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Stephen Jackman-Torkoff (left) as Smash and Verónica Hortigüela (centre) as Crystal with Khadijah Roberts-Abdullah (right) as Grace, Rose Tuong (behind) as Annabel and Richard Lam (far left) as Matt in Every Little Nookie.David Hou/Stratford Festival

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  • Title: Every Little Nookie
  • Written by: Sunny Drake
  • Director: ted witzel
  • Actors: Rose Tuong, Stephen Jackman-Torkoff, John Koensgen, Marion Adler
  • Company: The Stratford Festival
  • Venue: Studio Theatre
  • City: Stratford, Ont.
  • Year: Runs to Oct. 1, 2022
  • COVID-19 measures: Reduced capacity performances available.

Critic’s Pick

Every Little Nookie, now having its world premiere at the Stratford Festival, is a bit of a bait and switch.

It’s being marketed as a “sex romp” about polyamory and swinging, but at its core it’s about what really gets everyone hot and bothered these days: real estate prices.

Sunny Drake’s sprightly farce has two sets of protagonists on each side of today’s housing divide: A group of cash-strapped, renting Millennial urbanites, and a pair of wealthy, homeowning Boomer suburbanites.

Annabel (Rose Tuong), an artist who pays her bills delivering UberEats, is in a polyamorous relationship with Grace (normally Khadijah Roberts-Abdullah; understudy Antonette Rudder was in seamlessly on opening night), a full-time social justice warrior and part-time mall Santa.

This Toronto couple are on the verge of being evicted from their barely affordable apartment along with their roommate, a Marxist economist/sex worker named Crystal (Veronica Hortiguela). This also affects non-binary Smash (a lively Stephen Jackman-Torkoff), one of Grace’s secondary partners and a regular couch-surfer who is part of their non-traditional “fam”.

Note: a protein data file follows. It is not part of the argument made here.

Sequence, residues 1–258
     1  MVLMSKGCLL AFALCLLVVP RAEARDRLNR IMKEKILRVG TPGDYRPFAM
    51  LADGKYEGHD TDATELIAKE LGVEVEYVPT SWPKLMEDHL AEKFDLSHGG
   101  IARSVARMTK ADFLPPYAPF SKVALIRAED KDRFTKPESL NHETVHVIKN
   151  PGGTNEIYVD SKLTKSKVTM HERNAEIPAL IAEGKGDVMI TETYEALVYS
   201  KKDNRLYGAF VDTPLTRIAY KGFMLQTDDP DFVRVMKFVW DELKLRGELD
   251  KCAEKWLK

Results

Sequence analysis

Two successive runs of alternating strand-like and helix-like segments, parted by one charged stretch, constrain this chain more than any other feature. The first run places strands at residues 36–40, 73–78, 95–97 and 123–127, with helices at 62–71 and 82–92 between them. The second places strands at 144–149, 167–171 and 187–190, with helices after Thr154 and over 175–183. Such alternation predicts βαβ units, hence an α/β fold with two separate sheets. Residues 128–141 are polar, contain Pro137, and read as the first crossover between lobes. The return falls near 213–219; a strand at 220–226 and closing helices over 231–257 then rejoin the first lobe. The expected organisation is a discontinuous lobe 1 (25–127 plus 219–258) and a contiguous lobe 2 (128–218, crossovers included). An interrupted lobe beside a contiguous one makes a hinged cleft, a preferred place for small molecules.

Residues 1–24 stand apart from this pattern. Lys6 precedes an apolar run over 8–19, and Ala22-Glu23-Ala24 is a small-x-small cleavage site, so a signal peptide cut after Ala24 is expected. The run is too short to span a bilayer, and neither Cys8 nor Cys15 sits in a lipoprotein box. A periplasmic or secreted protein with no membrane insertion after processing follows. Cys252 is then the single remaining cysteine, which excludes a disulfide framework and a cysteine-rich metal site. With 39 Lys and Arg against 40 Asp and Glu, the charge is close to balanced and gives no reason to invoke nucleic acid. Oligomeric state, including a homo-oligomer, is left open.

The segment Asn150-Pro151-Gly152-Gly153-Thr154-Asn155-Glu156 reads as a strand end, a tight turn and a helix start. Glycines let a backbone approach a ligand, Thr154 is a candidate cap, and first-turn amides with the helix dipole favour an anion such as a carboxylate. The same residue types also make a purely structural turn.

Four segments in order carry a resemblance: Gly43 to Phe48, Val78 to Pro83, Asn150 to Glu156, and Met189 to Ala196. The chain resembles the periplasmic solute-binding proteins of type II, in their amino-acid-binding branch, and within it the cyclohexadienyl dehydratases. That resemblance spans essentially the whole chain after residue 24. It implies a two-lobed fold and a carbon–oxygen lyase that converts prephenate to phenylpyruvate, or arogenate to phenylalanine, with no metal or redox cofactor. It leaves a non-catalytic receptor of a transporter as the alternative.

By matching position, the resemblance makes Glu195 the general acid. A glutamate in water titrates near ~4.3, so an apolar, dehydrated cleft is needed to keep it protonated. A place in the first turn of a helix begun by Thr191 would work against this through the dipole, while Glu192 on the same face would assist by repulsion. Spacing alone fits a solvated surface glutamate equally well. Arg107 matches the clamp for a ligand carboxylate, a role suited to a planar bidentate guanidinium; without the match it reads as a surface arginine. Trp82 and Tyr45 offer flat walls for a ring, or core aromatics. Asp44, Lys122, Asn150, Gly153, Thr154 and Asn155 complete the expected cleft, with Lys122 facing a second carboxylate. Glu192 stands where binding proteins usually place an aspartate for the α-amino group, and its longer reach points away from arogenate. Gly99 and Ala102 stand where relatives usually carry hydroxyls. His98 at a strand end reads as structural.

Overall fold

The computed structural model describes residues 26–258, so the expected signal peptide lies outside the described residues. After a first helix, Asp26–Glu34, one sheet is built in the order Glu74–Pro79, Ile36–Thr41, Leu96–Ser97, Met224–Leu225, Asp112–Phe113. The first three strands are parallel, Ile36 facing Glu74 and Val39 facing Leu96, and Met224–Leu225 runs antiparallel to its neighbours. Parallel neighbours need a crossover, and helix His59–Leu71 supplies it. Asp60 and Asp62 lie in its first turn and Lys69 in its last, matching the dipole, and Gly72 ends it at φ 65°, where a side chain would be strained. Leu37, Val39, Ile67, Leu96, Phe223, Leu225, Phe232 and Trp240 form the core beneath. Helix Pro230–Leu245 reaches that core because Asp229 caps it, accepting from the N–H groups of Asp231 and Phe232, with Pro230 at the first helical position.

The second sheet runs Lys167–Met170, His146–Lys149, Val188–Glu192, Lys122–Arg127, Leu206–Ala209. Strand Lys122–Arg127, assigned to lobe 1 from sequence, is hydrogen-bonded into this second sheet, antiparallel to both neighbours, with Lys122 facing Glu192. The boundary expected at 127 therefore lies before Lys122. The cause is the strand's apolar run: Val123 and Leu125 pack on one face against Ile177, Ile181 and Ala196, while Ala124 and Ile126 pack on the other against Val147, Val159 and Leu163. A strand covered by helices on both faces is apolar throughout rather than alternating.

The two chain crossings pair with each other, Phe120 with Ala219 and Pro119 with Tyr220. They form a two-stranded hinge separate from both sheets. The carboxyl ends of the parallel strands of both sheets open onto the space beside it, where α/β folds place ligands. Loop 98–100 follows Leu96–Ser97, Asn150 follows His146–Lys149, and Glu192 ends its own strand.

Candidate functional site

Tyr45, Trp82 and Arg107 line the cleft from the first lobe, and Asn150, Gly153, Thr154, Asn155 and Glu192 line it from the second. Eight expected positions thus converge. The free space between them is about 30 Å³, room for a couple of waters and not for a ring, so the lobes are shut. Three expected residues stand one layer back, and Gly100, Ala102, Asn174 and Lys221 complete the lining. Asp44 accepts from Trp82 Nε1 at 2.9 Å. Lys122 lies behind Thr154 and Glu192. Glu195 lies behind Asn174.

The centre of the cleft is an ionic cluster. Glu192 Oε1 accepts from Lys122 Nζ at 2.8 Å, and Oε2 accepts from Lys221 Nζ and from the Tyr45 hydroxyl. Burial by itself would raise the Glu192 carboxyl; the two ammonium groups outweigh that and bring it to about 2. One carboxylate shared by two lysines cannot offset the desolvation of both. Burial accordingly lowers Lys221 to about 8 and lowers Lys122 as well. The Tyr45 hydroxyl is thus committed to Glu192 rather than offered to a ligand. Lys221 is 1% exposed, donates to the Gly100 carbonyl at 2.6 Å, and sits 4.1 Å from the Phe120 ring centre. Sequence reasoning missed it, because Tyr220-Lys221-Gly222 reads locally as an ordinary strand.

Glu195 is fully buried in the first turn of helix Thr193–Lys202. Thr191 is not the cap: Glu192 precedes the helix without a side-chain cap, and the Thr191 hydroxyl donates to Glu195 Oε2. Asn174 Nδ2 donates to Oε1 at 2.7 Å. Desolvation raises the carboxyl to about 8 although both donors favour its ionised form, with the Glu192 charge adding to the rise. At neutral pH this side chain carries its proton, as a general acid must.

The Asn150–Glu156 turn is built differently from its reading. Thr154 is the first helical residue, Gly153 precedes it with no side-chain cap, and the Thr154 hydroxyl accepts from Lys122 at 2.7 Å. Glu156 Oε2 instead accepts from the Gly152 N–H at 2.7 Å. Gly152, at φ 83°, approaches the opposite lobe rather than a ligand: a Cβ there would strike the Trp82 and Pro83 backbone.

Meanwhile, a generation gap away, Annabel’s parents, Margaret (Marion Adler, fearless) and Kenneth (John Koensgen), are approaching the final phase of their lives, their bedroom antics reduced to quietly playing Scrabble on the iPads before going to sleep. Though affluent, the couple have their own housing issues: When should they downsize – and should it be to a nearby seniors community?

Margaret, who’s hiding a tremor in her hand, is eager for a more active life while it’s available to her, but Kenneth is inhibiting all change by refusing to retire.

These two worlds intertwine when Margaret and Kenneth head to their cottage – and ask Annabel to take care of the dog in their absence.

Smash, who makes a living throwing parties for swingers (and whose pronouns are they/them), convinces Annabel to let them host one at her parents’ house for a cut of the proceeds.

It’s no surprise, of course, that Margaret and Kenneth return unexpectedly while it’s under way – but that’s just the inciting incident.

Sunny Drake is a playwright keen on accessibility in the old-fashioned sense – that is, eager to win over a broad audience with laughter.David Hou/Stratford Festival